Brian Olshansky, MD, FACC, FAHA, FHRS, Board-certified clinical cardiac electrophysiologist, is a Professor Emeritus of Medicine at University of Iowa Hospitals and Clinics and a practicing clinical cardiac electrophysiologist at Mercy Medical Center in Mason City, IA and Covenant Medical Center in Waterloo, Iowa.
Dr. Olshansky graduated with distinction from Carleton College in Northfield, Minnesota, with a major in Chemistry. He then moved to Tucson, Arizona where he was a pulmonary function technician at the VA Hospital and was involved in surfactant research. That is where he developed a love for medicine. He attended the University of Arizona Medical School and received his MD from there. During his career, Dr. Olshansky has had faculty positions at Case Western Reserve University, Loyola University, and The University of Iowa in Iowa City. He has directed Electrophysiology Laboratories and Training Programs at Loyola University Medical Center and University of Iowa Hospitals & Clinics.
Dr. Olshansky has expertise in the evaluation and treatment of cardiac arrhythmias using state-of-the-art techniques, including device implantation (pacemakers and implanted defibrillators) and catheter ablation techniques for atrial fibrillation and ventricular tachycardia. He has specific expertise in issues regarding autonomic effects on the heart and cardiovascular system, specifically related to the parasympathetic nervous system. He is recognized for his work regarding the assessment of arrhythmia mechanisms, multicenter randomized clinical trials, treatment of atrial and ventricular arrhythmias, and evaluation of syncope.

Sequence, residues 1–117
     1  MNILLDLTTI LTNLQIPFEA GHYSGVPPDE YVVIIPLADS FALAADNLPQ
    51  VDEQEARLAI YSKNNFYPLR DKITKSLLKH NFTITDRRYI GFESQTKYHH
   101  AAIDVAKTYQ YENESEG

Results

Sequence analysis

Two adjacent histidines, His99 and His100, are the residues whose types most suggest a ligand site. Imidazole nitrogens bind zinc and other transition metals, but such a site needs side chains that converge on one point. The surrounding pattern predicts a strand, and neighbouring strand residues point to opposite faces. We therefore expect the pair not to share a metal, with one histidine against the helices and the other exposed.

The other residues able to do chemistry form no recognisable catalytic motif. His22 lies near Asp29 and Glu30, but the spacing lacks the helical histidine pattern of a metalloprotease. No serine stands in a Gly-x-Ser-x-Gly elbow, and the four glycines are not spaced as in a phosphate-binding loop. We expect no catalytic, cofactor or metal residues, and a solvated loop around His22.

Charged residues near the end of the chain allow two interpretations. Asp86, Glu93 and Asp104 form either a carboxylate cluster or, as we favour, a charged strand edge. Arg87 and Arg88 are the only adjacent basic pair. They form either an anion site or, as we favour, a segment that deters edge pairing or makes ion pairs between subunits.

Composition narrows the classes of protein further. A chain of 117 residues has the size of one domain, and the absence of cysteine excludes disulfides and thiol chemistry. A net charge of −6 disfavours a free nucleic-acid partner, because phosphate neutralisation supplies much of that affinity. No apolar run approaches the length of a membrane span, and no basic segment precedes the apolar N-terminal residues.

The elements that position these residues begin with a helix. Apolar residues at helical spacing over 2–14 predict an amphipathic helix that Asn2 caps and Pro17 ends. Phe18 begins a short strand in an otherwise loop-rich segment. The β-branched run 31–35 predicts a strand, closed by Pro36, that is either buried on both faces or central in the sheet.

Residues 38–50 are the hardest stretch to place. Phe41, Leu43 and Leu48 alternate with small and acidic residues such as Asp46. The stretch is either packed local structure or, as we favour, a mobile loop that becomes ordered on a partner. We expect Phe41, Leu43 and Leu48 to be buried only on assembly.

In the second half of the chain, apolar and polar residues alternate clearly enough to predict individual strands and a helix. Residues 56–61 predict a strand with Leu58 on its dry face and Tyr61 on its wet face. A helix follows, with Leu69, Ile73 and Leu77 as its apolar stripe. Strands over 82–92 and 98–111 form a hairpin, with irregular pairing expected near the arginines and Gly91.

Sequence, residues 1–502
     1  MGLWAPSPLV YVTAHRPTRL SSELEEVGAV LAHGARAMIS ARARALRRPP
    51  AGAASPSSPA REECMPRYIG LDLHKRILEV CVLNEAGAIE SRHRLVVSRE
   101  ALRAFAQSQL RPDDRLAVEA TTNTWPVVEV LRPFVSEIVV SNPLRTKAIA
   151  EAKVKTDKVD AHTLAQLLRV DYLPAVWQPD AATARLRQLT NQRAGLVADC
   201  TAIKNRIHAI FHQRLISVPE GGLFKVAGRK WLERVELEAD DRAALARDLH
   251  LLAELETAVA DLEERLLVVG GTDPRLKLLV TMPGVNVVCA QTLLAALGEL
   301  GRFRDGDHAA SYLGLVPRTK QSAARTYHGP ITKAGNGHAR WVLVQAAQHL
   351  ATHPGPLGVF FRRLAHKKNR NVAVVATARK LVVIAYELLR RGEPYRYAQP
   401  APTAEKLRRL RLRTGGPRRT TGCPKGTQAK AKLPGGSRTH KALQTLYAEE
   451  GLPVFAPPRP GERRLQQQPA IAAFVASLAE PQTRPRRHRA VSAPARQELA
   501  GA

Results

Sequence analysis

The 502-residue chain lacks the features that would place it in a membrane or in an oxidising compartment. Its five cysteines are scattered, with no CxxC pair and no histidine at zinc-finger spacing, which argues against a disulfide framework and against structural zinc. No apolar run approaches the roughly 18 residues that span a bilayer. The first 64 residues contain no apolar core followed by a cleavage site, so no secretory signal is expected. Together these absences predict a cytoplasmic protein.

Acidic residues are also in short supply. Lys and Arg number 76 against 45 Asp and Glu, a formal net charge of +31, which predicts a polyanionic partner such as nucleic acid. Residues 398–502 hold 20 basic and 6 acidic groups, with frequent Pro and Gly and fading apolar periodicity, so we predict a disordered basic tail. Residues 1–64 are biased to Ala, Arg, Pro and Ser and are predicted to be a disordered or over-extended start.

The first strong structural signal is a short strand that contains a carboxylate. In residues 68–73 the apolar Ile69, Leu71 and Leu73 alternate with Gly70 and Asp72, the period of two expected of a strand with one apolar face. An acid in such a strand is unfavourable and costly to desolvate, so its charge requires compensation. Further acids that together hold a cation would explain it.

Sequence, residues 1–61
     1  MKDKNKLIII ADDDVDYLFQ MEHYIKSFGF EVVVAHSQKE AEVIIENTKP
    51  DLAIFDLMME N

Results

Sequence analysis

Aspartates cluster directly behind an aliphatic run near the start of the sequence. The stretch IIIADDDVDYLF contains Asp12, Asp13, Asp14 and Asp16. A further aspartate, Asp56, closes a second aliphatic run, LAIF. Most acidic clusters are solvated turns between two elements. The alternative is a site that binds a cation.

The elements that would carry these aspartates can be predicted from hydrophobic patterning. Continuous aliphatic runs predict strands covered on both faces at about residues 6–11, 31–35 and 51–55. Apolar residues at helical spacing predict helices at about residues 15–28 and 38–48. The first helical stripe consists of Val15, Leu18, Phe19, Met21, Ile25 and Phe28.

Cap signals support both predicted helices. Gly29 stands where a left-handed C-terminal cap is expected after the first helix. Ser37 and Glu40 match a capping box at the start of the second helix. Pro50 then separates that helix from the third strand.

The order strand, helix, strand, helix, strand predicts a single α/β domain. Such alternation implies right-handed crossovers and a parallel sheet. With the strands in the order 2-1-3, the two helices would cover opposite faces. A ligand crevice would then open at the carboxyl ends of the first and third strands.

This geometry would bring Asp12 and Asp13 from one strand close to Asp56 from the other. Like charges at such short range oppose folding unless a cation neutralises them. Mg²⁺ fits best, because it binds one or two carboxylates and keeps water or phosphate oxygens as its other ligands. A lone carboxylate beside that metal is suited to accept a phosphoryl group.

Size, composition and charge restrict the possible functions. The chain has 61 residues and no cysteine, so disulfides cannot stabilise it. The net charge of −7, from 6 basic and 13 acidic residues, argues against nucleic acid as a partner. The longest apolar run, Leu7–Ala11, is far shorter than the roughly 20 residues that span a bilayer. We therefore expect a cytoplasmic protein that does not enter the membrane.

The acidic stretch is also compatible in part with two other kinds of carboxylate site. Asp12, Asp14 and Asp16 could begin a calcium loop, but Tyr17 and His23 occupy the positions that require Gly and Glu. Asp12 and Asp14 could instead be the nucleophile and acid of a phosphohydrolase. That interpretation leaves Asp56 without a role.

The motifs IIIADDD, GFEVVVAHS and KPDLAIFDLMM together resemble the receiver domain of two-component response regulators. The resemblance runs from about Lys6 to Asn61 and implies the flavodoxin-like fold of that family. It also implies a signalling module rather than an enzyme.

Dr. Olshansky’s research has focused on the treatment for, and mechanism of, atrial and ventricular arrhythmias, on syncope, on athletes with cardiovascular conditions, and on anticoagulation, among other interests. He has been involved in numerous clinical trials and has published over 200 peer-reviewed manuscripts, as well as many other publications, including three books. He is, or has been, a member of over 20 editorial boards, reviewed regularly for three NIH study sections for over 10 years, and reviews for over 65 medical journals.